This week we picked:  a few sweet peppers, lots of Serranos, a small Long Island cheese squash, a couple of patty pan summer squash, tomatoes, lots of green beans, cucumbers, a couple of long eggplants (albeit smallish ones), field peas, butter beans, a few tomatillos, and lettuce from the front porch experimental railing box.

And Green beans

And Green beans

Bounty of a Day

Bounty of a Day

Another Day

Another Day

A quickie pass through

A quickie pass through

Lettuces - in August!

Lettuces – in August!

I’m about to wage a war on wildlife!  In addition to the squirrels regularly (as in *daily*) getting a tomato or two, “something” (we initially thought it was a coon but now think it was also squirrels; who knows, maybe some of both) ate all of our cantaloupe melons through the course of the week, despite our efforts to wrap them in mesh in an attempt to deter varmints.  I am so mad!  Eight melons and we ended up with dribs and drabs (I’m not too proud to cut off the un-nibbled parts of the leavings…).  The dribs and drabs weren’t really quite ready so they aren’t very sweet but we’ll put them through the juicer to become part of our regular juicing routine.  Deer also got a good meal from our bean leaves and sweet potato vines.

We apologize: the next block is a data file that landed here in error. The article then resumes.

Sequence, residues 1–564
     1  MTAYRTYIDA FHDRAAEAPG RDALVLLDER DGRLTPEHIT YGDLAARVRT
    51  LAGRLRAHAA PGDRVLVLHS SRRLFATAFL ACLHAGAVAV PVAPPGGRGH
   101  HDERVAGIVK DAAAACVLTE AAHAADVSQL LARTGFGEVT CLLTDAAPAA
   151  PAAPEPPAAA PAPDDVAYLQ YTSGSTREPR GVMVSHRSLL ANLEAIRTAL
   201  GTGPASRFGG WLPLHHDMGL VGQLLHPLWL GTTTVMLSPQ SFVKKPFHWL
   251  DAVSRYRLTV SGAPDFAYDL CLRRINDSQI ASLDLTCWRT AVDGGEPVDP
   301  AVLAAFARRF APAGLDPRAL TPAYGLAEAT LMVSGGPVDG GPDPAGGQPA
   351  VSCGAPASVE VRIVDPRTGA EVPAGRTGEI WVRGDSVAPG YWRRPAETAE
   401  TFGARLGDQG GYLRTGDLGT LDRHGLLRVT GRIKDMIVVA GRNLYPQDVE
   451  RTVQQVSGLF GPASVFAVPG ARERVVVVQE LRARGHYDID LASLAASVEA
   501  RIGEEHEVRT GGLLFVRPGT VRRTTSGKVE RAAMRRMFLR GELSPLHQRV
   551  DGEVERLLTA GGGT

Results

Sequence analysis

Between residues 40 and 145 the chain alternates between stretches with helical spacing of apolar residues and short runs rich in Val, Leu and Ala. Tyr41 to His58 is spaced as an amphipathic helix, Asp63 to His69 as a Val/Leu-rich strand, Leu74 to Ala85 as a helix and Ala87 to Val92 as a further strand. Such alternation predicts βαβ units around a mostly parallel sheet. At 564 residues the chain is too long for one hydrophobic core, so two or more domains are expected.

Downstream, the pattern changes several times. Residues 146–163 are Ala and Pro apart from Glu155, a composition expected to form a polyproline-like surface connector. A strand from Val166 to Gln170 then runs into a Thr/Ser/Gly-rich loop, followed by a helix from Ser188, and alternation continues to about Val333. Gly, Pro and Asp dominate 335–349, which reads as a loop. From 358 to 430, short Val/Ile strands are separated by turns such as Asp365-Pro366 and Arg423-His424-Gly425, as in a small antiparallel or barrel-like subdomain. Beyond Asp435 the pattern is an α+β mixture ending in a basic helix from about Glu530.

Doesn't that melon look beautiful!

Doesn’t that melon look beautiful!

But it had it top chewed off

But it had its top chewed off

Another ravaged victim

Another ravaged victim

Shelled butter beans

Shelled butter beans

Roasted tomatoes

Roasted tomatoes

We completed two of the replacement boxes (bases were pictured in last week’s post) but we still need to fill them up with compost/vermiculite.  We had planned to do that on Friday and Saturday but the compost delivery on Friday ended up being late in the afternoon and it rained most of the day on Saturday.  Hopefully we’ll be able to get out on Sunday afternoon and finish at least one of them.